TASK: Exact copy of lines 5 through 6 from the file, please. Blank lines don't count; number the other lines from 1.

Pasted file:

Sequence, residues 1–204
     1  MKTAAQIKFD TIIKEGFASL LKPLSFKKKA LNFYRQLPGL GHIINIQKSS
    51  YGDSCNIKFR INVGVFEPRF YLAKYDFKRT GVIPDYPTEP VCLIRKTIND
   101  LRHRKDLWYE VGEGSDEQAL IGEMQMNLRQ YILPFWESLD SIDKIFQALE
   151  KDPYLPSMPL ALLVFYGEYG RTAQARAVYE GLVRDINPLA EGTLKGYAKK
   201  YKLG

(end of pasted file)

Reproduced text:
   151  KDPYLPSMPL ALLVFYGEYG RTAQARAVYE GLVRDINPLA EGTLKGYAKK
   201  YKLG